Chiropractic adjustments were just as effective as epidural injections for patients with back pain in a new study -- without the risks and at lower cost.
The findings show that chiropractic can significantly reduce pain in patients with lumbar disc herniation, and is less expensive than medical treatment.
Lumbar epidural injections are frequently used for back pain and sciatica in patients with lumbar disc herniation, failed back surgery syndrome, and spinal stenosis. During the procedure, a physician injects a high dose of pain medication, and sometimes steroids, into the area of the lumbar spine around the damaged nerve. This temporarily reduces inflammation and pain.
Although the injections are widely used, controversy lingers due to the lack of a studies with placebo controls, and questions about the effects of steroids versus anesthetic alone. Side effects of steroids include a weakening of muscles and spinal bones around the affected nerve and a disruption of the body's natural hormone balance. It's also unclear whether epidural injections are more effective than other conservative treatments for lumbar disc herniation.
While a number of studies have established the efficacy of chiropractic for low-back pain, fewer have tested its comparative effectiveness with other treatments for lumbar disc herniation.
In a new study from the Journal of Manual and Physiological Therapeutics, researchers from Switzerland compared the effects of chiropractic spinal manipulative therapy (SMT) and epidural nerve root injections (NRI). The study included 102 with symptomatic, MRI-confirmed lumbar disc herniation who were treated with either SMT or NRI.
After one month of treatment, both groups experienced significant improvements. Of the patients under chiropractic care, 76.5% said they were "much better" or "better" compared to 62.7% of NRI patients. Sixty percent of chiropractic patients had a significant reduction in pain compared to 53% of NRI patients. These slight differences were not statistically significant.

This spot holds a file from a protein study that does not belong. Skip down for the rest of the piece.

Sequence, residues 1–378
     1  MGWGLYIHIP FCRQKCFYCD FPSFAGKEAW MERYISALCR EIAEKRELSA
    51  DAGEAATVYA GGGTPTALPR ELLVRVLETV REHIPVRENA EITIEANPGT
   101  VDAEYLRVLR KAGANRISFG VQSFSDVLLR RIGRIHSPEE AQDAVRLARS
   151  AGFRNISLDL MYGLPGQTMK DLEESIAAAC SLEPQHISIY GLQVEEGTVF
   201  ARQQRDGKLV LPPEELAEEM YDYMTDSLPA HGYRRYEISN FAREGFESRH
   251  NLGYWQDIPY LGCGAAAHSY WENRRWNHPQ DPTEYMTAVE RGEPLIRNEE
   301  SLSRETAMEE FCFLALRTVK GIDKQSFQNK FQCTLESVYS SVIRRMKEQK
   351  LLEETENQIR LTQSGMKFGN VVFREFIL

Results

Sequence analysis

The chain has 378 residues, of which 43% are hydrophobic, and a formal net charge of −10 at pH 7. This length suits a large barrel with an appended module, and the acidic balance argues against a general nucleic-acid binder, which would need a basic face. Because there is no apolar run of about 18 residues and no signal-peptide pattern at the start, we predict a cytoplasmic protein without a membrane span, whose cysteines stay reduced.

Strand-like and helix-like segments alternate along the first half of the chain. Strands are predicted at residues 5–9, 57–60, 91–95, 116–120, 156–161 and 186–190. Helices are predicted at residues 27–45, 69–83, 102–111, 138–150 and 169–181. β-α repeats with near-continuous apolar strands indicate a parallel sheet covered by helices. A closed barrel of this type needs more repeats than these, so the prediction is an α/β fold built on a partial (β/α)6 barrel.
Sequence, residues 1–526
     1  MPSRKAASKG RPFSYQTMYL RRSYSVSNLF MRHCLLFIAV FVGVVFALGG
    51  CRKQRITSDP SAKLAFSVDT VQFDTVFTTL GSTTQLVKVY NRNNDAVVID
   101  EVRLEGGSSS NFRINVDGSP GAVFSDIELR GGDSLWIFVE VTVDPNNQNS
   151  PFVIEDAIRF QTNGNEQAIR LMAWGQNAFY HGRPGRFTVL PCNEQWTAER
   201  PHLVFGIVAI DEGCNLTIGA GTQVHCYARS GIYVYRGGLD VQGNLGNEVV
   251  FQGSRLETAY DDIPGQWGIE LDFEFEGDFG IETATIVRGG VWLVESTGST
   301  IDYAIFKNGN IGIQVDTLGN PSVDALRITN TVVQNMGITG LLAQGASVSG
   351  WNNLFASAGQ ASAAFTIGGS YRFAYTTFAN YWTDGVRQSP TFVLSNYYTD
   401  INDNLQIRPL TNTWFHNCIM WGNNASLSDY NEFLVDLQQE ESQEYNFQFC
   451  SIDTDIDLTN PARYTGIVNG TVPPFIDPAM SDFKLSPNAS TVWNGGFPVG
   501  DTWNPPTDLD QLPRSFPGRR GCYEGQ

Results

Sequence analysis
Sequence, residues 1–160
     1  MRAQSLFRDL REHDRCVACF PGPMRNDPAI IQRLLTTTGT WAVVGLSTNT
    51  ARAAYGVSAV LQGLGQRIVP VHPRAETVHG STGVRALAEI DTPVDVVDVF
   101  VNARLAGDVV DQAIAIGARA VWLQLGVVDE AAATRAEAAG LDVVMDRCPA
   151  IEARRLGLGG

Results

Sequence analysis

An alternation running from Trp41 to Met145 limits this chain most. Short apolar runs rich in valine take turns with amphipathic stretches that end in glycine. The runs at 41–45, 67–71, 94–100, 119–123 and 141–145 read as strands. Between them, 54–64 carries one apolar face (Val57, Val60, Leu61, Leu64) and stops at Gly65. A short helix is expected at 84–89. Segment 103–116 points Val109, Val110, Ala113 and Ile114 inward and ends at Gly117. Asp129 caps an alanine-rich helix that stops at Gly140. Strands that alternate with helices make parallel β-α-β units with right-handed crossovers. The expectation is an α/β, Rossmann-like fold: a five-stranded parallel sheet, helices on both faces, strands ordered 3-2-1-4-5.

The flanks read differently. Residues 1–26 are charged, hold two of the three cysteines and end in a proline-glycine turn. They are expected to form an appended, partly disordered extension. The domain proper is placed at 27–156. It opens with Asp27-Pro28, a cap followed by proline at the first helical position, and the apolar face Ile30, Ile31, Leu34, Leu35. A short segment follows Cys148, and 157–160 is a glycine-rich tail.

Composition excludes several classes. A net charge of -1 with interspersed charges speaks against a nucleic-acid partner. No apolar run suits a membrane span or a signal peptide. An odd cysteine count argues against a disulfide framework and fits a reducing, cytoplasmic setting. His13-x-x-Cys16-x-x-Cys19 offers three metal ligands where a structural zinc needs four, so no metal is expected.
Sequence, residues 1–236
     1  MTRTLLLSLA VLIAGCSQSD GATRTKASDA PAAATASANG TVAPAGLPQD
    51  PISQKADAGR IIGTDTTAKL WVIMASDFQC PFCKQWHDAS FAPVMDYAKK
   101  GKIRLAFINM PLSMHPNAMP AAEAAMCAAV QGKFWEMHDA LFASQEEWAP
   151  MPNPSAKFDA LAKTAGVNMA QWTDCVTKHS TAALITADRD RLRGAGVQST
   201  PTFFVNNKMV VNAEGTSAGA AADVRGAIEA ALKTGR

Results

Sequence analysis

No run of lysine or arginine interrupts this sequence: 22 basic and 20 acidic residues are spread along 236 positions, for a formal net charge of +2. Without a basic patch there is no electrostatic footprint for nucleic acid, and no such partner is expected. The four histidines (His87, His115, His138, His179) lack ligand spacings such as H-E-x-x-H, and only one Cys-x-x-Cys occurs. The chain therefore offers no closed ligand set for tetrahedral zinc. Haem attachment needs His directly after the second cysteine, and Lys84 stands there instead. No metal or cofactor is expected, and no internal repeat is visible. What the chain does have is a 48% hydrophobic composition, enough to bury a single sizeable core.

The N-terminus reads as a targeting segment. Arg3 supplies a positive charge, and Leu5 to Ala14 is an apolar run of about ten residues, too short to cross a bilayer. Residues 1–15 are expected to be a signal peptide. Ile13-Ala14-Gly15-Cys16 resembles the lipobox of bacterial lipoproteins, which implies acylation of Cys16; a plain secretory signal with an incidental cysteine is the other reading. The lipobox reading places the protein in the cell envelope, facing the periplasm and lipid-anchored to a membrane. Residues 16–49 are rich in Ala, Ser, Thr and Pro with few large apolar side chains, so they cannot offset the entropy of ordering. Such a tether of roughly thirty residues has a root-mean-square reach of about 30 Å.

While none of the chiropractic patients received surgery, three of the NRI patients eventually opted for an operation.
Since the treatments were considered equally effective, the cost analysis became even more important for comparing both treatments, the researchers pointed out. On average, one month of chiropractic adjustments was less expensive than NRI ($558 vs. $729). Their analysis included only the "minimum cost" of NRIs, and did not take into account other costs that are frequently tacked on like additional consultations with clinicians, multiple injections, or possible surgery. Additionally, treatment cost for chiropractic patients may have been slightly higher than normal since they were required to receive an MRI to be in the study. Many chiropractic patients do not receive MRI because imaging guidelines do not recommend MRIs for patients with lumbar disc herniation in most cases. In contrast, MRIs are typically performed before injections or other more invasive procedures.
Although randomized trials are needed to confirm these results, the authors concluded that, "There were no significant differences in outcomes between the more universally accepted treatment procedure of NRI compared to SMT."
This study suggest that patients can experience substantial relief from chiropractic care without worrying about the side effects of steroids or drugs. It may even save them money, since research suggests that chiropractic patients have lower annual medical costs compared to patients under traditional care.
Peterson, CK, et al. Symptomatic Magnetic Resonance Imaging-confirmed lumbar disk herniation patients: a comparative effectiveness prospective observational study of 2 age- and sex-matched cohorts treated with either high-velocity, low-amplitude spinal manipulative therapy or imaging-guided lumbar nerve root injections. Journal of Manipulative and Physiological Therapeutics 2013; doi: 10.1016/j.jmpt.2013.04.005.